Depending on one's need for accuracy, there are any number of ways to calculate the Equation of Time. Wikipedia's EoT page and its Analemma page give a number of these. The simplest rely on the fact that both the Eccentricity and Obliquity effects are almost sine curves. Others are Fourier-based solutions. Finally there are those that use sound astronomical methods. Here you will find an example each method.

WHY BOTHER TO CALCULATE AT ALL...

a poem by Tad Dunne

VERY SIMPLE METHOD

ASTRONOMICAL ALMANAC METHOD

This method is adapted from Section C5 of the Astronomical Almanac and EoT is accurate to +/- 3.5 seconds during this Century.

FOURIER METHOD

This method provides the quickest way to find the Longitude Corrected Equation of Time. The routine below can be pasted directly into Microsoft Excel by opening a Visual Basic module,

This was developed by many EoT calculations (every 6 hours every day over this Century) from NASA/JPL Horizons application (see below for details of this application). Amongst the many variables that Horizons can calculate is the Hour Angle of the Sun, from which it is easy to deduce the EoT. The EoT values thus provided were subjected to rigorous Fourier analysis. This gives results that are within +/- 13 seconds of the value predicted by Horizons over this Century.

Function EoT(Year, Month, Day, Hour, Zone, DST, Longitude):

UTC_Hour = Hour - Zone - DST

Long_Corr = 15 * Zone - Longitude

aaa = 367 * Year - 730531.5

bbb = Int((7 * Int(Year + (Month + 9) / 12)) / 4)

ccc = Int(275 * Month / 9) + Day

Theta = 0.004301 * (4 * (aaa - bbb + ccc + UTC_Hour / 24#))

EoT1 = 7.353 * Sin(1 * Theta + 6.208)

EoT2 = 9.927 * Sin(2 * Theta + 0.370)

EoT3 = 0.337 * Sin(3 * Theta + 0.304)

EoT4 = 0.231 * Sin(4 * Theta + 0.716)

EoT = 0.017 + EoT1 + EoT2 + EoT3 + EoT4 + Long_Corr

End Function

UTC_Hour = Hour - Zone - DST

Long_Corr = 15 * Zone - Longitude

aaa = 367 * Year - 730531.5

bbb = Int((7 * Int(Year + (Month + 9) / 12)) / 4)

ccc = Int(275 * Month / 9) + Day

Theta = 0.004301 * (4 * (aaa - bbb + ccc + UTC_Hour / 24#))

EoT1 = 7.353 * Sin(1 * Theta + 6.208)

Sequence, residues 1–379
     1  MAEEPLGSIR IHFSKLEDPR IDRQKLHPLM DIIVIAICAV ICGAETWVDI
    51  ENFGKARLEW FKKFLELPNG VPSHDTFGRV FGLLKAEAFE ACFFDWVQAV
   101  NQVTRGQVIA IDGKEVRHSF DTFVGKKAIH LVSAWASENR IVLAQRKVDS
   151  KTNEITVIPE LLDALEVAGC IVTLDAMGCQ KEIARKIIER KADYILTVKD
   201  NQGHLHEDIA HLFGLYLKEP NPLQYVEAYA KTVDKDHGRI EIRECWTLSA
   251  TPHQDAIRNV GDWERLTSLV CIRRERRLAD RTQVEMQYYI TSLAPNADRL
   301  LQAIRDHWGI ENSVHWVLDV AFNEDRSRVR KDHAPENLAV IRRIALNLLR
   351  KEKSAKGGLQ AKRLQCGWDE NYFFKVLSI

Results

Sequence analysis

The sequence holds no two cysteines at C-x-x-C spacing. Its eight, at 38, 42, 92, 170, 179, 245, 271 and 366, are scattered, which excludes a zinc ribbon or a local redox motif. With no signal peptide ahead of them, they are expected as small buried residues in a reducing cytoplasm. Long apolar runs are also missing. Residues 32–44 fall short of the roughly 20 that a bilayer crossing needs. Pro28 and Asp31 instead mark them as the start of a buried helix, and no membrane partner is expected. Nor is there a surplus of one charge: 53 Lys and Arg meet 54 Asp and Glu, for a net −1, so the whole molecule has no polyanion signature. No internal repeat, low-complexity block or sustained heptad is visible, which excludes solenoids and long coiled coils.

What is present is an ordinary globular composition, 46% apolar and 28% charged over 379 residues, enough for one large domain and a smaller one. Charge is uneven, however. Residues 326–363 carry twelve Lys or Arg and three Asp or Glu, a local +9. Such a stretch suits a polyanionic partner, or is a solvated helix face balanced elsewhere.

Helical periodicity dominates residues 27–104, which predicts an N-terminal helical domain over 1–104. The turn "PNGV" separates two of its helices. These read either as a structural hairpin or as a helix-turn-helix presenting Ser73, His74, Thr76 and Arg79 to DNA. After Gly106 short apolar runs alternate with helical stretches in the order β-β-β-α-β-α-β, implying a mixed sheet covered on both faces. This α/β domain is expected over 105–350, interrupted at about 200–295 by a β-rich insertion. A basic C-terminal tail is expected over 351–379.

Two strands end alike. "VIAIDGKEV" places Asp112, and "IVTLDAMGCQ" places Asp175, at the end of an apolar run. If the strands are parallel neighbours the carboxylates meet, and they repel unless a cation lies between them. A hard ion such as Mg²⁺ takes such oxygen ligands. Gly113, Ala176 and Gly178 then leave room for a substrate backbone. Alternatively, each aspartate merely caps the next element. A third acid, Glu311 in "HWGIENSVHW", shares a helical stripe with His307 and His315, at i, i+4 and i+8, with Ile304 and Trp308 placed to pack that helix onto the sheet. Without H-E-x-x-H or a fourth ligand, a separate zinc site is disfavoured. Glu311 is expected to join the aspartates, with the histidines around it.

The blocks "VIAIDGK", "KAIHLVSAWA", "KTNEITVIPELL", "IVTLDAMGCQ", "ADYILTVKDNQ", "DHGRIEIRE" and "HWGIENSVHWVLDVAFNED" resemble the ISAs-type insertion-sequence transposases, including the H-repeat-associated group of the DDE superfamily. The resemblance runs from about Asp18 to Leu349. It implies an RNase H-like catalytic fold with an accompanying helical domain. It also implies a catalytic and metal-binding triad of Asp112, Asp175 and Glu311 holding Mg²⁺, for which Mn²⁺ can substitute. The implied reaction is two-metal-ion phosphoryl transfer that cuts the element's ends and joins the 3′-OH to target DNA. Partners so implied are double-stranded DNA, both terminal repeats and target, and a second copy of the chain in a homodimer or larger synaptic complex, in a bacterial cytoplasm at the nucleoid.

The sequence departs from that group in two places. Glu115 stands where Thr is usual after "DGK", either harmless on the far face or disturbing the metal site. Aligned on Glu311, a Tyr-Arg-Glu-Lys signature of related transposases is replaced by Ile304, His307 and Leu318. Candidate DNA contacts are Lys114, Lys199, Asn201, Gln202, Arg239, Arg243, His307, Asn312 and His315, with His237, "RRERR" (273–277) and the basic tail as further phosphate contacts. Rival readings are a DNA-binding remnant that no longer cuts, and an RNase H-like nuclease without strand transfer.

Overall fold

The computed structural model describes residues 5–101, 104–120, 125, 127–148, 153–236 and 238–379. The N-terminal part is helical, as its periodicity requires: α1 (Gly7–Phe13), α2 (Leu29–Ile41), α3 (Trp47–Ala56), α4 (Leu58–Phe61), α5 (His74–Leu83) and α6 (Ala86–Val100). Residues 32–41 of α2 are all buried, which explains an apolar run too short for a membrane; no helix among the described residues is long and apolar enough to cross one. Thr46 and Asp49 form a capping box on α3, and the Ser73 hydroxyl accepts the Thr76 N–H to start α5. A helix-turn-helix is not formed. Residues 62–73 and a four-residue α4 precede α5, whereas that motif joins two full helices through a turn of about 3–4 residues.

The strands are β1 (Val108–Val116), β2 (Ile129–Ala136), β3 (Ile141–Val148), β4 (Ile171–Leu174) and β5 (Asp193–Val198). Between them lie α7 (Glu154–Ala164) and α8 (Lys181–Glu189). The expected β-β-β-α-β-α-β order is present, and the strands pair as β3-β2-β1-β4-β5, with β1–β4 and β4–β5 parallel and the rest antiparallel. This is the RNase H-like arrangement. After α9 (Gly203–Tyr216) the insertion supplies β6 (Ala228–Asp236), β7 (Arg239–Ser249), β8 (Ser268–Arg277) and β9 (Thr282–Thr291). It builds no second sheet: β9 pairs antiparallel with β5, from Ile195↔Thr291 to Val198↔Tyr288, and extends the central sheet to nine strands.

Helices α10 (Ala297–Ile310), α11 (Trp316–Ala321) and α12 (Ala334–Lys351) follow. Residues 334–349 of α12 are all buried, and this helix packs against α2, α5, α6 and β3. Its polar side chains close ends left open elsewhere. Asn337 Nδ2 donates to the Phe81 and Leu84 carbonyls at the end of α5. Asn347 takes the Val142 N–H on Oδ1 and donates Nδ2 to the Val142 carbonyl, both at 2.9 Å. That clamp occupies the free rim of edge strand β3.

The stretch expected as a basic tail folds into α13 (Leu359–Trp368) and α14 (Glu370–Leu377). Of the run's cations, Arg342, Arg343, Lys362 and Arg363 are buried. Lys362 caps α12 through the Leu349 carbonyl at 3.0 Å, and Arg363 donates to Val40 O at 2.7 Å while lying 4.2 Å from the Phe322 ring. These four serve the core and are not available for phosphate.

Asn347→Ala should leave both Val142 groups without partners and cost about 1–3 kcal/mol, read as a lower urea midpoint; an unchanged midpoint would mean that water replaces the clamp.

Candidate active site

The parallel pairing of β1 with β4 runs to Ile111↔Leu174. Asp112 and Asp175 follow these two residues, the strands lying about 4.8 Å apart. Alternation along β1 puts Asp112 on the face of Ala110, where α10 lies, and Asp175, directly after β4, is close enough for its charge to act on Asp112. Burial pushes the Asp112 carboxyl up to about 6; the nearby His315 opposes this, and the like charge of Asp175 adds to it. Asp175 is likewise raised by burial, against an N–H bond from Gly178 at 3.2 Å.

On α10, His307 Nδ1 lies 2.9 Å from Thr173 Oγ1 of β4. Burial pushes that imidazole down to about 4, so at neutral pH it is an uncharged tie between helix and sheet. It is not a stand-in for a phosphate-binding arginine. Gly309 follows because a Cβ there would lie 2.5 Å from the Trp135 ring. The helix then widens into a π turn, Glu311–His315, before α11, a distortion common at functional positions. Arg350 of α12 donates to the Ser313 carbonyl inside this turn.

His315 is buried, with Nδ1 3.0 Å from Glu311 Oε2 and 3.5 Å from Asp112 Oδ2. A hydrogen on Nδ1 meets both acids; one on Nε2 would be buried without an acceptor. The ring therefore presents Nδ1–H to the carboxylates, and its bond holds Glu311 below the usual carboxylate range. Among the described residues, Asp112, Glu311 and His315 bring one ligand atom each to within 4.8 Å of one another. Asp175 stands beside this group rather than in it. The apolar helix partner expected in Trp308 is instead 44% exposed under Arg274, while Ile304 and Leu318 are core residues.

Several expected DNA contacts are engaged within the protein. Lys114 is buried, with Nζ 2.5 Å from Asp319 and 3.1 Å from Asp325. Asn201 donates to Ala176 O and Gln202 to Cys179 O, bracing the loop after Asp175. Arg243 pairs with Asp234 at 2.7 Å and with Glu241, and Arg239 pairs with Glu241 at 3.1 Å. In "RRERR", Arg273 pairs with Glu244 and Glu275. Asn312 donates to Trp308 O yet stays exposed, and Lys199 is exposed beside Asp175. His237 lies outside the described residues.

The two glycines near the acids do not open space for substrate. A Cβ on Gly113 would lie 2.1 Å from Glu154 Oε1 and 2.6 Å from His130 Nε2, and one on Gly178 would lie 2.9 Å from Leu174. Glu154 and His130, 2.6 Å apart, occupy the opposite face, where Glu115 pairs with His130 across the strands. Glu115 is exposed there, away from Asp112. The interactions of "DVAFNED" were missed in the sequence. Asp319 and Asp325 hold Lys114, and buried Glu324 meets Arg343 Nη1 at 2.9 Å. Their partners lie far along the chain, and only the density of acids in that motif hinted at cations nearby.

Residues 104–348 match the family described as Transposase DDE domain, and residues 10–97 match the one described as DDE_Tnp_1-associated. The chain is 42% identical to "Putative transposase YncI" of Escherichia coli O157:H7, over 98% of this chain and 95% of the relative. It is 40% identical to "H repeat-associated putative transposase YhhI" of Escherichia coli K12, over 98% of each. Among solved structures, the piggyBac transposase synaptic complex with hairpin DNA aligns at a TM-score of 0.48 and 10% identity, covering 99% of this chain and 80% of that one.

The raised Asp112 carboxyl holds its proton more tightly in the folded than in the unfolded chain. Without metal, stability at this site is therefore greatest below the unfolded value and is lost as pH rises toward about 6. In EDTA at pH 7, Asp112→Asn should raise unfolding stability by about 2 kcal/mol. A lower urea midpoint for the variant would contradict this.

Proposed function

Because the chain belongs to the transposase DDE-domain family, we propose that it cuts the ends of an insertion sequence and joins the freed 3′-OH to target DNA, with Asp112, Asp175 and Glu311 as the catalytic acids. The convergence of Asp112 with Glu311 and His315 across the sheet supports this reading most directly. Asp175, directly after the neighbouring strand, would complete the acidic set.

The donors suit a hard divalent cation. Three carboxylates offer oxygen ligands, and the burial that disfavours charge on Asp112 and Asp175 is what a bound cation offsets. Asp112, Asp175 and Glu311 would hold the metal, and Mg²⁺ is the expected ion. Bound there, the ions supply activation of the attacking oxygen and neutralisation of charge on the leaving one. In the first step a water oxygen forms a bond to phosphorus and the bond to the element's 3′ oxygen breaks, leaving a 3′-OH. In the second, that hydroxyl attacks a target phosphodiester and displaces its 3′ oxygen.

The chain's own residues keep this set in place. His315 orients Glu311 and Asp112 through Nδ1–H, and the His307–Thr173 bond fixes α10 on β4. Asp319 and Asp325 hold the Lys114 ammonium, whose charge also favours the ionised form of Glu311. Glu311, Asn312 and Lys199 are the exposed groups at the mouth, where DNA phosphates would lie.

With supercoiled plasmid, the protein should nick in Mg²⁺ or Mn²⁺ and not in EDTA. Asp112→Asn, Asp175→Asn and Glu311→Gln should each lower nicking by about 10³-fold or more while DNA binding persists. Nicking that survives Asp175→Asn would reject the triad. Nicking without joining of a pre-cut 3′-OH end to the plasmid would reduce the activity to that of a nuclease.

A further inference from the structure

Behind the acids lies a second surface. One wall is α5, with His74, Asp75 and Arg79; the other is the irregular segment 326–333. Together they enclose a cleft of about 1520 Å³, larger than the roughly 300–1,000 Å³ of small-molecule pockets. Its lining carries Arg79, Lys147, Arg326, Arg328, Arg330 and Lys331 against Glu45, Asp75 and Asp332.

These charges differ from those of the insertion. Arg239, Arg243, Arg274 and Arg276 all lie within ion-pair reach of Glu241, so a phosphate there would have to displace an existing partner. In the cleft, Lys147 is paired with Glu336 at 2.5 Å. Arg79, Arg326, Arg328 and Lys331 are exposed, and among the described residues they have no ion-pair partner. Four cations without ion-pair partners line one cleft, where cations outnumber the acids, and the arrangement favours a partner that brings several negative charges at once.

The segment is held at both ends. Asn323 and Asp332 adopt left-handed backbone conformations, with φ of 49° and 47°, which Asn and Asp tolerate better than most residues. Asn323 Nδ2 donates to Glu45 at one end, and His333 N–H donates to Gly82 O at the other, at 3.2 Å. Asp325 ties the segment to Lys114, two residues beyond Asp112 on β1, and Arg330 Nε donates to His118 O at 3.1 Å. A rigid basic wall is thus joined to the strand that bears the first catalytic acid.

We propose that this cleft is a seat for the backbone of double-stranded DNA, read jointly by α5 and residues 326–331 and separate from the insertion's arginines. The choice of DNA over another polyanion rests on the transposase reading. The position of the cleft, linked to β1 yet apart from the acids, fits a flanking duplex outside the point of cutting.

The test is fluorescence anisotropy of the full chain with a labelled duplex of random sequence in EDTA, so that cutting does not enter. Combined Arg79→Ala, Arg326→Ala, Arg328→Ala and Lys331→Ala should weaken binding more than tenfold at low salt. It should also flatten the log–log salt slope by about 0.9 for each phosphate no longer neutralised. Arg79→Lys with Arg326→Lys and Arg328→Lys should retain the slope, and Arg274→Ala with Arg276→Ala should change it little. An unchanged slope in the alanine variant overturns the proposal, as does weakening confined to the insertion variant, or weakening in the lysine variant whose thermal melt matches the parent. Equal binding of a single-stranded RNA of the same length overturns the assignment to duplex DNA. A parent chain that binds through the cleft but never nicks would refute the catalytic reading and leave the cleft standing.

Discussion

EoT2 = 9.927 * Sin(2 * Theta + 0.370)

EoT3 = 0.337 * Sin(3 * Theta + 0.304)

EoT4 = 0.231 * Sin(4 * Theta + 0.716)

EoT = 0.017 + EoT1 + EoT2 + EoT3 + EoT4 + Long_Corr

End Function

In the above, the date & time are your local civil time. Longitude is in degrees +ve East of Greenwich. Zone is is in Hours +ve East of Greenwich. DST is in hours.

FURTHER DETAILS ON CALCULATING THE ELLIPTICITY EFFECT

MEEUS' ALGORITHMS

The most complete 'non-professional' algorithms for calculation of the Equation of Time are provided in by Jan Meeus - Astronomical Algorithms (1998), 2nd ed - ISBN 0-943396-61-1.

You can view the author's Javascript implementation of Meeus' algorithms for the Sun here. If you would like to use these algorithms, contact the author, who would be happy to send you a text file.

OTHER SOURCES

For more information of the astronomical background of the Equation of Time, see the article below which was published in NASS Compendium : Vol 25 Nos 3 & 4, Sept & Dec 2018. (Including some corrections for the published text)

MICA

From the US Naval Observatory, this is a relatively cheap program that provides everything that an serious amateur astronomer, gnomonist or navigator might need. N,B. The Mac version of MICA does NOT work under recent Apple Mac OSX.

HORIZONS

This is the program, in whose user guide, it states that the user should consult the web-master if using the program for manned planetary landings. It is east to use and quite straight-forward. It is lightening fast, free and astronomically the best that there is.